An Africa for All

Ghana has everything that people look for in a prospective African holiday; unfortunately, the numbers do not yet reflect the potential, so the government has embarked on a comprehensive marketing campaign to put the country on the map.

Ghana is no newcomer to tourism. Though it lags behind the continent’s chief tourism destinations of Morocco and South Africa, the country has relatively well-developed infrastructure for visitors and, with its ideal location in Western Africa, is able to offer tourists almost everything they would come to Africa in search of.

Since 2005, tourist arrivals to the country have been on the general incline, though starting in 2010, numbers have fallen twice. According to the World Bank, Ghana received just under 900,000 tourists in 2015. Though small compared to South America and Morocco, which both receive closer to 10 million visitors annually, the number is more than almost all other countries in the region.
Currently lighting the country’s path is the National Tourism Development Plan 2013-2027, the nation’s first 15-year tourism plan. The plan is comprehensive and covers everything from hotel taxes to marketing. At the forefront of the plan is creating more jobs in the country. As the sector continues to grow, surplus labor will be required, and the government hopes that this demand will translate to nearly 500,000 new jobs, both direct and indirect, by the end of the plan. While these goals are indeed intended to land Ghana higher on the tourist radar, the government is also hoping that the sector’s transformation may be able to reduce poverty locally by building sustainable industries that will help encourage development. While the government does not yet have concrete projections for the fiscal success of the development plan, preliminary estimations put the amount of income from the tourism sector reaching USD440 million by the end of 2017 and up to USD1 billion at the end of the plan.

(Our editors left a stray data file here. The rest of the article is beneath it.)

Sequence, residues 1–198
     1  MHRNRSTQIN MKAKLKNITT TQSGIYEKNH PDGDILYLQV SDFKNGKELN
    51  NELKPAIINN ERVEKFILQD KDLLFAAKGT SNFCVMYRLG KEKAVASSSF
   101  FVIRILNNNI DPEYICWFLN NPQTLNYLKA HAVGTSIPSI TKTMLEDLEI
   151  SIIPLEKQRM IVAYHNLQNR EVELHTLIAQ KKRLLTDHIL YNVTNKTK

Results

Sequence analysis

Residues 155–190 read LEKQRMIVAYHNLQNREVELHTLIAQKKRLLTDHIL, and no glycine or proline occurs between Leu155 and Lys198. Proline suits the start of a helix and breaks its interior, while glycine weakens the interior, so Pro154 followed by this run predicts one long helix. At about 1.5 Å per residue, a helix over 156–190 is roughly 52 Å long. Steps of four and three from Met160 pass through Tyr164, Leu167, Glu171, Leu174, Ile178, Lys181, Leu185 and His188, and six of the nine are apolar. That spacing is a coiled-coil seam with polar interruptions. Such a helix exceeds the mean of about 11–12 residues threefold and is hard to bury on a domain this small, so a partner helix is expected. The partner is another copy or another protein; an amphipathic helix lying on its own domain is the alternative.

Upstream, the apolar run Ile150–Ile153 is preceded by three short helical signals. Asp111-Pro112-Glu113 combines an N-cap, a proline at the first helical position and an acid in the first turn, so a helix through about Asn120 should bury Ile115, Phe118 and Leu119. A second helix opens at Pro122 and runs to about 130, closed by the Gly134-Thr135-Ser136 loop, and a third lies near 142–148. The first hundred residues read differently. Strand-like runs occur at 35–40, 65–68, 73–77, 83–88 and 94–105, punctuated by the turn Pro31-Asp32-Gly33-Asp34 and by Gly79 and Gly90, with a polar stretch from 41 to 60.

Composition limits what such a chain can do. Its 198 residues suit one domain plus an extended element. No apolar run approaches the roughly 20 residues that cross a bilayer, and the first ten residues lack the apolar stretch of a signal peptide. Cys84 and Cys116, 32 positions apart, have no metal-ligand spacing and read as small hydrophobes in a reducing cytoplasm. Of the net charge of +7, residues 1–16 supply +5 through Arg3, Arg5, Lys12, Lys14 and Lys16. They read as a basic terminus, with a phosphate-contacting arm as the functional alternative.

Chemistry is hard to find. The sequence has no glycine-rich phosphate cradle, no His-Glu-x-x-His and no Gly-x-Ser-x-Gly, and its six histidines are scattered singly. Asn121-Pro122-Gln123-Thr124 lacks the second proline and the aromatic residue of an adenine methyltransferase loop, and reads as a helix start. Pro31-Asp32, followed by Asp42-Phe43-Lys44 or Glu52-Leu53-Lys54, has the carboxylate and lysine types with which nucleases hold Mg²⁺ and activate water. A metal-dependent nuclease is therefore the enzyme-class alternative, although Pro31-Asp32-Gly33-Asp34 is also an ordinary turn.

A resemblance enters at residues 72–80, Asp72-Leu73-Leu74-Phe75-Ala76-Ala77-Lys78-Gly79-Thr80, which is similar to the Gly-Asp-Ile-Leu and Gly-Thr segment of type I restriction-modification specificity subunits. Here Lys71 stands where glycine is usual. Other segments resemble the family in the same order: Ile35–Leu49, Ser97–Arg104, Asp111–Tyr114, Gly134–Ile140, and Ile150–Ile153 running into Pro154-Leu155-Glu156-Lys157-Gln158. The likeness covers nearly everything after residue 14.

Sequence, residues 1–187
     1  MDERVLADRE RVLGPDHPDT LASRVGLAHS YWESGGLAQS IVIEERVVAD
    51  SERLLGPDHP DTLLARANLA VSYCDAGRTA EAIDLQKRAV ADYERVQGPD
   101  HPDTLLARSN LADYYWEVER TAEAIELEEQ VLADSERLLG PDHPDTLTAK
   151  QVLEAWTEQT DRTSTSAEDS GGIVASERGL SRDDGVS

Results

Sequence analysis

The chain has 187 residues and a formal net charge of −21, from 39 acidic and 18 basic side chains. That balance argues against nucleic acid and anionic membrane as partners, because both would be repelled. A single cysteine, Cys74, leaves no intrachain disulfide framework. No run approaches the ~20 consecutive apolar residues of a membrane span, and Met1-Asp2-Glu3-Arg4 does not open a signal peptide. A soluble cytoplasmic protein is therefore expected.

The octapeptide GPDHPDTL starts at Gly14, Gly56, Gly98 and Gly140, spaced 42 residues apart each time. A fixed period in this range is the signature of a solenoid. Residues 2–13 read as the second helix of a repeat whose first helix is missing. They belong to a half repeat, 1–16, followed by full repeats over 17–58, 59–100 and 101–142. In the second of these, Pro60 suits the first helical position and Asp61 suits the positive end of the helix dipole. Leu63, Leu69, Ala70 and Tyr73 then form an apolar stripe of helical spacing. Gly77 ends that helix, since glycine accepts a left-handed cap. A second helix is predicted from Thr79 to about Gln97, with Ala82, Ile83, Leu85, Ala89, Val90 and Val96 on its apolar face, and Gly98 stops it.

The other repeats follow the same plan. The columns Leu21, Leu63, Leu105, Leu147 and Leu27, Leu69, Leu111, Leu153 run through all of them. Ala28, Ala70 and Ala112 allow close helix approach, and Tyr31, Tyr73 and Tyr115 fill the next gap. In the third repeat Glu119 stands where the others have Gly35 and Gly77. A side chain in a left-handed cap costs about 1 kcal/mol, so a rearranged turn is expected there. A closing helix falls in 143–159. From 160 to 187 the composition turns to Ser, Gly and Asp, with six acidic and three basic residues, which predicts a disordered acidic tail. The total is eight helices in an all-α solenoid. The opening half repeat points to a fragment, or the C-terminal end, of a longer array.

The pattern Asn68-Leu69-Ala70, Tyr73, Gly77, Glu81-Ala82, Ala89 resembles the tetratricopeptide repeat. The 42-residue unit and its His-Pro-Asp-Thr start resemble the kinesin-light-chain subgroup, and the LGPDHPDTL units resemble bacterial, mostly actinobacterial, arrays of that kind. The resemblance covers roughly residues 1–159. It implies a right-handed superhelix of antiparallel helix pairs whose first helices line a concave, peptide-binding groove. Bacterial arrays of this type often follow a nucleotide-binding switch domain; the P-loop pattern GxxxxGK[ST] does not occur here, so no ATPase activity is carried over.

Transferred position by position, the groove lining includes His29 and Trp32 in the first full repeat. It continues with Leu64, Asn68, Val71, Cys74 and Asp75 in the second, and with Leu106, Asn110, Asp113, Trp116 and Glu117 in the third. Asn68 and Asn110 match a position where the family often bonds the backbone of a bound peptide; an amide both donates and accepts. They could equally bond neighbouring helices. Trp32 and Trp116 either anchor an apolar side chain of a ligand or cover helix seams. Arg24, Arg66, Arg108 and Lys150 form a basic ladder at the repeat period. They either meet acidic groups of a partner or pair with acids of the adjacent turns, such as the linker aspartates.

The plan entails a vigorous marketing campaign that is to be implemented over several years and led by the Ministry of Tourism. The campaign is working to boost awareness of the country as a tourist destination among specific groups within important source markets. Among these groups are business travelers, who make up close to one-third of spending by visitors, according to tourism research firm World Travel and Tourism Council (WTTC). The campaign is also emphasizing the relative political stability of Ghana against its regional and continental neighbors; Ghana is often considered among the safest countries in West Africa.
The marketing campaign is not stopping at tourists. It is also working regionally and beyond to build awareness of Accra’s Kotoka Airport as a regional hub and ultimately harness more potential visitors. As of September 2017, the airport introduced two new international airlines since the previous year. With an annual 7.9% growth rate in the country’s aviation industry, the government has started building Terminal 3 at Kotoka, which is scheduled to be completed in April 2018 and designed to accommodate 5 million passengers.
The contribution of the tourism sector to GDP has been slow to grow over the last decade, and though future growth is not forecasted to explode, the country is expected to have steady growth through the next 10 years. According to WTTC, in 2016 the total contribution of the tourism sector to GDP sat at 7.1%, or GHS11.5 billion. In 2017, it is expected to grow by 5.2% to GHS12.1 billion, but due to increase in the overall GDP, only contribute a total of 7%. By 2017, WTTC estimates tourism will account for 6.6% of national GDP, following a 4.8% per annum rise to GHS19.3 billion.
WTTC projects slightly different tourism-based employment forecasts than the government, but still on the road to growth. In 2016, the sector generated a total of 693,000 jobs, or roughly 6% of total employment. In 2017, that figure is expected to grow by 3.9% to 720,000, and by 2028, growing at 5.6% per year, reaching 847,000.
According to the Ghana Statistical Service, domestic tourists spend the greatest amount on transportation throughout the country. In a drive to boost domestic tourism, the Ministry of Tourism, Arts, and Culture has set out to encourage improvement in infrastructure in order to reduce prices and get more Ghanaians traveling locally. In January 2017, the government removed a 17.5% value-added tax for local air travel. The move seems to have worked; as of September 2017, the number of domestic passengers increased by almost a quarter, from 302,000 to 374,000.

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